Local authorities in England are refusing to use t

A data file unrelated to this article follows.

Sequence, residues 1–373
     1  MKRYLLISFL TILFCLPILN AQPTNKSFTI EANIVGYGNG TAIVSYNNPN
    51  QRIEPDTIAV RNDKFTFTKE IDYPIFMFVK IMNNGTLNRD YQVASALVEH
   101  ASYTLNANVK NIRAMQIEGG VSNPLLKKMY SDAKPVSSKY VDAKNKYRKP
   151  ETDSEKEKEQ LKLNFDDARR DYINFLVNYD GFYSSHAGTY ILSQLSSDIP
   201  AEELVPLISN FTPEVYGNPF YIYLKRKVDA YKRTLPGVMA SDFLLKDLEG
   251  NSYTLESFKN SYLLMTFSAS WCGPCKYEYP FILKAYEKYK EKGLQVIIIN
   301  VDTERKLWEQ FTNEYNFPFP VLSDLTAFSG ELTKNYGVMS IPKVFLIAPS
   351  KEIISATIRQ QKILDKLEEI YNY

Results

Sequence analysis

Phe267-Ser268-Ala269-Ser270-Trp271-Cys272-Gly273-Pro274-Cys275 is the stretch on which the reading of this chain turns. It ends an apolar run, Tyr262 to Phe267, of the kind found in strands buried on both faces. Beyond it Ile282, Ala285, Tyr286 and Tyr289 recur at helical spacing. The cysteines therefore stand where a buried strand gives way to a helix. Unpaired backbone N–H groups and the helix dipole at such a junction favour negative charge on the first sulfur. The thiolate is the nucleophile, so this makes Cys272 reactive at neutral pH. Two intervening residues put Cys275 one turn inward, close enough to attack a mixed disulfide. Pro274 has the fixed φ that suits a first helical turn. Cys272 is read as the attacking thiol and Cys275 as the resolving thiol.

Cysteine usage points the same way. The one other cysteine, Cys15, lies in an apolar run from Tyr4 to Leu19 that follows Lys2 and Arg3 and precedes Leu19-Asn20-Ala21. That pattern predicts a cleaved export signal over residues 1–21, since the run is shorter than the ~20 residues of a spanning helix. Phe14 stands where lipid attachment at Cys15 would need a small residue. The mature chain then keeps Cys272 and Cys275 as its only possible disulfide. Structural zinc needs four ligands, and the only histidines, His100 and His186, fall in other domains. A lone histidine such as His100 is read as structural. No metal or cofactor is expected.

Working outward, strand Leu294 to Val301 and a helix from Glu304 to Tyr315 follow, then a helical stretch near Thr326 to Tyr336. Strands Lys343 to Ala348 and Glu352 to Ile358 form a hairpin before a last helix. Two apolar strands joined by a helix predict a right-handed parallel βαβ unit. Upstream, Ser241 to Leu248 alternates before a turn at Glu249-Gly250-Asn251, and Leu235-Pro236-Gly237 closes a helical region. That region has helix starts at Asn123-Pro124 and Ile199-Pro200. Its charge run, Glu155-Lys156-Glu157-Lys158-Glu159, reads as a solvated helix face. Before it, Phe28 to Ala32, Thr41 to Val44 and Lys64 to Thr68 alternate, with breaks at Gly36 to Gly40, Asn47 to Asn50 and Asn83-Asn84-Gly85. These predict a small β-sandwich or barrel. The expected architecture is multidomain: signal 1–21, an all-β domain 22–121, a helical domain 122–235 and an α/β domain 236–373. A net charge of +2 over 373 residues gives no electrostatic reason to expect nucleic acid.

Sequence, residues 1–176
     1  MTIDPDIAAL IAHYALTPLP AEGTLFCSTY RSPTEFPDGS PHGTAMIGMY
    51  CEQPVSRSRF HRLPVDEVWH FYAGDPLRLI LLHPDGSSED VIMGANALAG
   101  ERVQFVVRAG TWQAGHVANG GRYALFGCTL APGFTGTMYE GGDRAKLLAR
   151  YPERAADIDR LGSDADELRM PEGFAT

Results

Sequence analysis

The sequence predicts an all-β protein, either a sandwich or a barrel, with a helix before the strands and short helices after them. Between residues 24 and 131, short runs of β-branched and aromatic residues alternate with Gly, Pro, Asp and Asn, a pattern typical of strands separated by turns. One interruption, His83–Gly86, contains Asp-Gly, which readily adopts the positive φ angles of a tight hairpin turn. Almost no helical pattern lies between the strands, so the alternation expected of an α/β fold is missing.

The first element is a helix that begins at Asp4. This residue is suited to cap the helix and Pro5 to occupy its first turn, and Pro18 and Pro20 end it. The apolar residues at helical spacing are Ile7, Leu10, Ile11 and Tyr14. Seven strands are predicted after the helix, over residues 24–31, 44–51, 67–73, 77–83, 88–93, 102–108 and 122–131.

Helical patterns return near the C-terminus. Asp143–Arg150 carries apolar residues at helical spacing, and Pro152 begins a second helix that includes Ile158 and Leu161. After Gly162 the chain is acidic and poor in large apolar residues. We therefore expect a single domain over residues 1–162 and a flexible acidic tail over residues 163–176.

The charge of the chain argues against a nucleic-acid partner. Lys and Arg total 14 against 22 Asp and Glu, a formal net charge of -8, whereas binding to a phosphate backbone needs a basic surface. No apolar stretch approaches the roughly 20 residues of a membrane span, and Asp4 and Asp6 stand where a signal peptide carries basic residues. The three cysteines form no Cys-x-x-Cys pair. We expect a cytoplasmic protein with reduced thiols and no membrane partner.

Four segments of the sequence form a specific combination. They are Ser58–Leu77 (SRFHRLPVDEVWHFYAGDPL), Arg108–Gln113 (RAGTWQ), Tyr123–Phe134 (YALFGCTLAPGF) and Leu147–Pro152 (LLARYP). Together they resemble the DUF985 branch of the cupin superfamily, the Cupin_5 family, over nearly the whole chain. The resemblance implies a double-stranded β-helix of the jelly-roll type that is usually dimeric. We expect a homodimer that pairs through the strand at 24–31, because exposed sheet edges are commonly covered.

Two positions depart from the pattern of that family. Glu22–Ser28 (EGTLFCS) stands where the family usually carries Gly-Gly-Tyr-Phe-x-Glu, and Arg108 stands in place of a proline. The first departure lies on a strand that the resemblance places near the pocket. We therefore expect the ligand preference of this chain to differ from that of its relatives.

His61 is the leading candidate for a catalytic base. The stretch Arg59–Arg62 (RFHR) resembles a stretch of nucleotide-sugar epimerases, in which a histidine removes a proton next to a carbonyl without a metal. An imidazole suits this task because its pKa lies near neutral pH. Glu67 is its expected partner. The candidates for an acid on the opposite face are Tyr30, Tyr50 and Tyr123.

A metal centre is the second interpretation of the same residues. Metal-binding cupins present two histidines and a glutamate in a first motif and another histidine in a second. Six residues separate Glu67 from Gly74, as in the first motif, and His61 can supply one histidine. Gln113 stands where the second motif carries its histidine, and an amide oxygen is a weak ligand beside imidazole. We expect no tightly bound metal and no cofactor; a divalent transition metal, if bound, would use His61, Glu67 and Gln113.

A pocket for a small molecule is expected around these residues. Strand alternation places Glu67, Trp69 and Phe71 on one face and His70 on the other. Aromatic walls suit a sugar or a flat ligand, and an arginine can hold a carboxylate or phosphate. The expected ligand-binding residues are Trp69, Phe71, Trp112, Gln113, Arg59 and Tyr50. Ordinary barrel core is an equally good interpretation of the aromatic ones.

first_imgLocal authorities in England are refusing to use their own suicide prevention plans to highlight “shocking” figures that show claimants of out-of-work disability benefits are at a hugely-increased risk of attempting to take their own lives.The figures, published in September 2016 by NHS Digital, show that more than 43 per cent of claimants of employment and support allowance (ESA) had said (when asked in 2014) that they had attempted suicide at some point in their lives.The Department of Health has already refused to explain why it fails to mention these figures or to highlight ESA claimants as a high-risk group in the latest version of its suicide prevention strategy for England.In that publication, health secretary Jeremy Hunt said he wanted to strengthen the national strategy through “better targeting of suicide prevention and help seeking in high risk groups” and by “improving data at national and local level and how this data is used to help take action and target efforts more accurately”.This week, Disability News Service (DNS) has tried to discover if the department – renamed the Department of Health and Social Care (DHSC) as part of this week’s ministerial reshuffle – has alerted local agencies to the figures.It has found no evidence yet that DHSC has made any attempt to highlight the information with local areas or to advise them to include ESA claimants as a high-risk group in their suicide prevention plans.DNS has contacted six English local authorities to ask them if they were aware that ESA claimants were at such high risk of attempting suicide; if so, whether DHSC had told them about the figures; and whether they believed the information should be highlighted in their own plans, if it was not already.Only one of the six local suicide prevention plans* – for Brighton and Hove – currently even mentions the ESA figures.The other five – covering the London boroughs of Camden and Islington; Southampton; Shropshire; Gateshead; and Kent – make no mention of the figures and fail to warn that ESA claimants are at such high risk of attempting to take their own lives.Only one of these five, Gateshead City Council, has promised to look again at its suicide prevention plan and consider amending it to include the information about ESA claimants, after being contacted by DNS this week.Tory-run Kent County Council said it was “not aware of any national or local figures specifically around ESA claimants” and confirmed that the information had not been passed to the local authority by DHSC.A spokeswoman for the council said: “If more data becomes available on ESA claimants in Kent then we will certainly review it.”But she refused to confirm that this meant that – because they are national statistics – it would not highlight the NHS Digital figures when its suicide prevention steering group reviews its plan.Labour-run Southampton City Council refused to answer questions about the statistics, with a spokesman claiming that council officers “do not have the ESA figures on hand”, even though they were emailed to him by DNS.Conservative-run Shropshire Council said it was “not aware of any additional information being provided by [DHSC]”, although it said the NHS Digital report was “publicly available information”.A spokeswoman refused to say if the council was aware that ESA claimants were at such high risk of attempted suicide and said only that it was “aware that those at higher risk of self-harm and suicide include those who are vulnerable due to economic circumstance and those with chronic illness”.Asked if it would now include the ESA information in its suicide prevention plan, the spokeswoman said the council “will include any additional information should it become available”.She said the strategy would be updated so that it is “explicit about what is meant by ‘vulnerable groups’ so that it is clear that includes people claiming ESA”.But she refused to say if the council would ensure that its strategy would make it clear that ESA claimants are at particularly high risk.A spokeswoman for Labour-run Gateshead council said that relevant documents – including the NHS Digital report – “are published nationally with the expectation that local authorities become aware of them through their information networks”.Gateshead’s strategy was last reviewed in August 2016, a month before the DHSC figures were first published.The council spokeswoman said Gateshead’s plan was “due for review” and the information from the NHS Digital report would now “be reviewed as part of this process and the partnership will decide whether more specific preventative activity would be both suitable and effective for this group”.Labour-led Brighton and Hove City Council has so far refused to answer questions about ESA claimants, although a spokeswoman said: “Deprivation in all its forms – unemployment, insecure housing, debt, etc – are all identifiable risks in our local reviews of coroner’s records and we specifically target more deprived areas in our commissioning and action plans.”Labour-run Islington council had failed to comment by noon today (Thursday).*The plans are prepared by partnerships of local agencies, including local authoritiesSamaritans can be contacted free, 24 hours a day, 365 days a year, by calling 116 123 or emailing [email protected]: The Department of Health’s Whitehall officeslast_img read more